Whether you're interacting with volatile colleagues in the workplace or at home trying to relax after a long day, chances are you're avoiding raising an important conversation in order to keep the peace, which in turn creates a toxic cycle. Here's what I learned from HumanEdge's Crucial Conversations course on 22 and 23 February 2017.
Trainer Nikki McNaught led a small group of attendees through the importance of knowing how to have these conversations in all areas of life and in any industry, both in terms of building your teams and facing overwhelming waves of change. You’ll need synergistic expectations of the required skills and ample practice for this to start feeling natural.
The workshop is interactive with role plays and conversation, as well as personal reflection, and has both professional and personal value. It’s uncomfortable, but surprisingly freeing to announce your style under stress. I started off on the silent-not-violent end of the spectrum. As to after the sessions? We’ll see...
From silent or violent to better negotiator
The nine step process to construct dialogue around an issue is as follows:
- Get unstuck
- Start with heart
- Master my stories
- State my path
- Learn to look
- Make it safe I
- Make it safe II
- Explore others’ paths
- Move to action
Without giving too much away, note that the first three steps are about psychological, internal processes before we even begin the conversation. Only part four is the beginning of the verbal conversation, with step five onwards about sitting back from your own point of view to notice what’s going on with the other person. If the conversation is crucial for you, it’ll be crucial for the other person too.
What makes a conversation crucial?
When you hear the expression ‘crucial conversation’ what comes to mind? For our group, it was something with impact and consequence or an outcome that could lead to trouble if it goes badly. McNaught says it typically consists of three important components. First, where the stakes are high; second, where emotions are high, so both of you feel triggered by the conversation; and last, where there are alternative or differing opinions, so you're not in agreement from the start.
Our avoidance of crucial conversations starts as children. We manipulate others to make things uncomfortable either by withdrawing and sulking or throwing a tantrum to persuade others to give in to our way or wants. We might learn to get our way in different ways from different strategies, but these ways do prevail and we then face office bullies and manipulators in the office each day. It’s a continuum and we fall somewhere along it with our responses, which are dictated by behaviours we role model as children and with our genetic disposition. We move to violence or silence, neither of which is a good place to have a crucial conversation, so we avoid, mask, hold back our opinion when we know we should speak up or we bully, shout and impose both verbally and non-verbally, such as through sarcasm. Instead of toggling between the two, we need to remain in the dialogue.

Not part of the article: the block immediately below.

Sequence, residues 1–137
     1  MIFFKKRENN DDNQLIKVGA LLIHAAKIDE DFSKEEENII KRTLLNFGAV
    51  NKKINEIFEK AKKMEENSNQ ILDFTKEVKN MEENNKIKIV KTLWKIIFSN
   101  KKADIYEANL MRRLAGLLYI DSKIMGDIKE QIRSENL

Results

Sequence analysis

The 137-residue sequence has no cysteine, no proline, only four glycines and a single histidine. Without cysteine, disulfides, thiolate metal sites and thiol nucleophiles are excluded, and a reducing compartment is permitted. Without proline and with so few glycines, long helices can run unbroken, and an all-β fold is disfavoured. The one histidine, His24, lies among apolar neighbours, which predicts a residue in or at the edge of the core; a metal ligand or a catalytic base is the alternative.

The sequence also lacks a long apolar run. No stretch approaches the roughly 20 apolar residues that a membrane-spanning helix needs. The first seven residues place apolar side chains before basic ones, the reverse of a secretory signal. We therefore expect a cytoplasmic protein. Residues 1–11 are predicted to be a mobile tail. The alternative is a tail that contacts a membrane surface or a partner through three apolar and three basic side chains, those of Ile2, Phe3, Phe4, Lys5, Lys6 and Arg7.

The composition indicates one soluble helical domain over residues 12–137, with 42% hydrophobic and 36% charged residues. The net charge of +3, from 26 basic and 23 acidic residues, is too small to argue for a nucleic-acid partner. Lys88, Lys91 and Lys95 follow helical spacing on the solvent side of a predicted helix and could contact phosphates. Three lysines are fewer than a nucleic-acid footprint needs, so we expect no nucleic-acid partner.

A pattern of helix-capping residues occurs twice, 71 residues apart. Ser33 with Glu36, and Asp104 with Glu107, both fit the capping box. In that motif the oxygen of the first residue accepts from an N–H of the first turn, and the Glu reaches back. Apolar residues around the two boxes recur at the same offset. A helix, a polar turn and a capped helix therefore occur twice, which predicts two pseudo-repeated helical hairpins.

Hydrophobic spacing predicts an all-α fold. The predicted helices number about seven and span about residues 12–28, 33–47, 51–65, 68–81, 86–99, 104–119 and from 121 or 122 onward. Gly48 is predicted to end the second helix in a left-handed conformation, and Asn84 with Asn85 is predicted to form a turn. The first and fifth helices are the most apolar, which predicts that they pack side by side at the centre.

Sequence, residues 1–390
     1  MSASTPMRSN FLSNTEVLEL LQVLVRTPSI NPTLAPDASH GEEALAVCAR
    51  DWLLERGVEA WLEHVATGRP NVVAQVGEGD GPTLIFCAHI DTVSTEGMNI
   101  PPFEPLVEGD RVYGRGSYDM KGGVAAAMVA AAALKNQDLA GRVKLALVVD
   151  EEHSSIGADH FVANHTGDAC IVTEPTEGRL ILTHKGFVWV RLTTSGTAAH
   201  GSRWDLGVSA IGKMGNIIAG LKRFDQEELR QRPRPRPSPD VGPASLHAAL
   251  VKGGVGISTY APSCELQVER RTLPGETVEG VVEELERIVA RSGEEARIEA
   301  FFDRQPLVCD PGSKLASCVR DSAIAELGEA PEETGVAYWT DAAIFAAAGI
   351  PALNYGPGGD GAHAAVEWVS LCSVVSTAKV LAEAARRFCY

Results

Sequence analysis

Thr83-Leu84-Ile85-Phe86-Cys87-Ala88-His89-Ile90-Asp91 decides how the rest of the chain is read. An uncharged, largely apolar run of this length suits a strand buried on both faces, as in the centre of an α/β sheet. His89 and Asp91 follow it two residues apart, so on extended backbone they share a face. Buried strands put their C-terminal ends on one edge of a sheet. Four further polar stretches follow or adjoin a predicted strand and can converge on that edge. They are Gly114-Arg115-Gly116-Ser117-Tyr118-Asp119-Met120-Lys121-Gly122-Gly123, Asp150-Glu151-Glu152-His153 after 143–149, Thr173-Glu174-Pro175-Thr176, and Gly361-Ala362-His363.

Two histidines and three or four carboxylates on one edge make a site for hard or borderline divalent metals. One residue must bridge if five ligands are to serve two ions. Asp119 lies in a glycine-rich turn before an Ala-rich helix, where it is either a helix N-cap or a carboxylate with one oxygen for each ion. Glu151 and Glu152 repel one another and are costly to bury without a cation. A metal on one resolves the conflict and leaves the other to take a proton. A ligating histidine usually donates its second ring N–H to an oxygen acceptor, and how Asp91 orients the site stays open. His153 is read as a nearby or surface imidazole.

McNaught says negotiation is the only right way to resolve an issue where emotions, stakes and differing opinions are high.
It’s all about creating a safe container for yourself to present your point of view and for the other person to be heard. This sounds simple but it’s not that easy, as we tend to feel awkward and discombobulated around an issue, especially one we’ve been tiptoeing around for a while.
Tackling taboo or tricky topics
That’s because it’s human nature to avoid the very things that will make us fail. It’s easier to go with the flow, but the real solution is to learn to recognise when you're stuck. We can be so ‘head in the sand’ avoiding something that needs to be addressed that you don’t notice you’re doing so. Often subjects are taboo because they were a disaster the last time we broached them, so they remain the elephant in the room. Little wonder why this content is successful across the globe:
The first skill you need is to recognise that you’re stuck and that the situation calls for a crucial conversation. If you’re angry, upset, hurt or anxious, that’s because you feel incapable of rational thought when emotions are high. There's a physical reason for this: instead of processing the situation in the prefrontal cortex of the brain, we operate from the reptilian' fight or flight' centre. So any time you find yourself feeling stuck, there’s a crucial conversation you’re either not having or you're not having well. It was a big wake-up call for attendees that in not speaking up or addressing the problem, you’re actually adding to it. Often we know the textbook theory, but just don’t put it into practice and while dialogue can feel like the long way round, it actually improves the relationship. If you don’t speak it out, you’ll act it out, in the typical example of a wife saying everything’s fine while giving non-verbal cues that Something is amiss.
McNaught said the biggest issue in corporates today
is that people just don’t speak up. The moment you feel a strong emotion and notice you’ve been triggered, as you feel the need to mask or hide, a warning light should be on that this is a crucial conversation you need to have.
Note that there is no model or set script to follow, as each conversation follows its own path. McNaught taught us the skills to better hold those conversations through role play and introspection. I highly recommend you sign up for the next session to experience it for yourself. Follow #CrucialConversationTraining
on Twitter to learn from others’ experiences and join changeanything.com/crucialconversations
to move from learning to doing.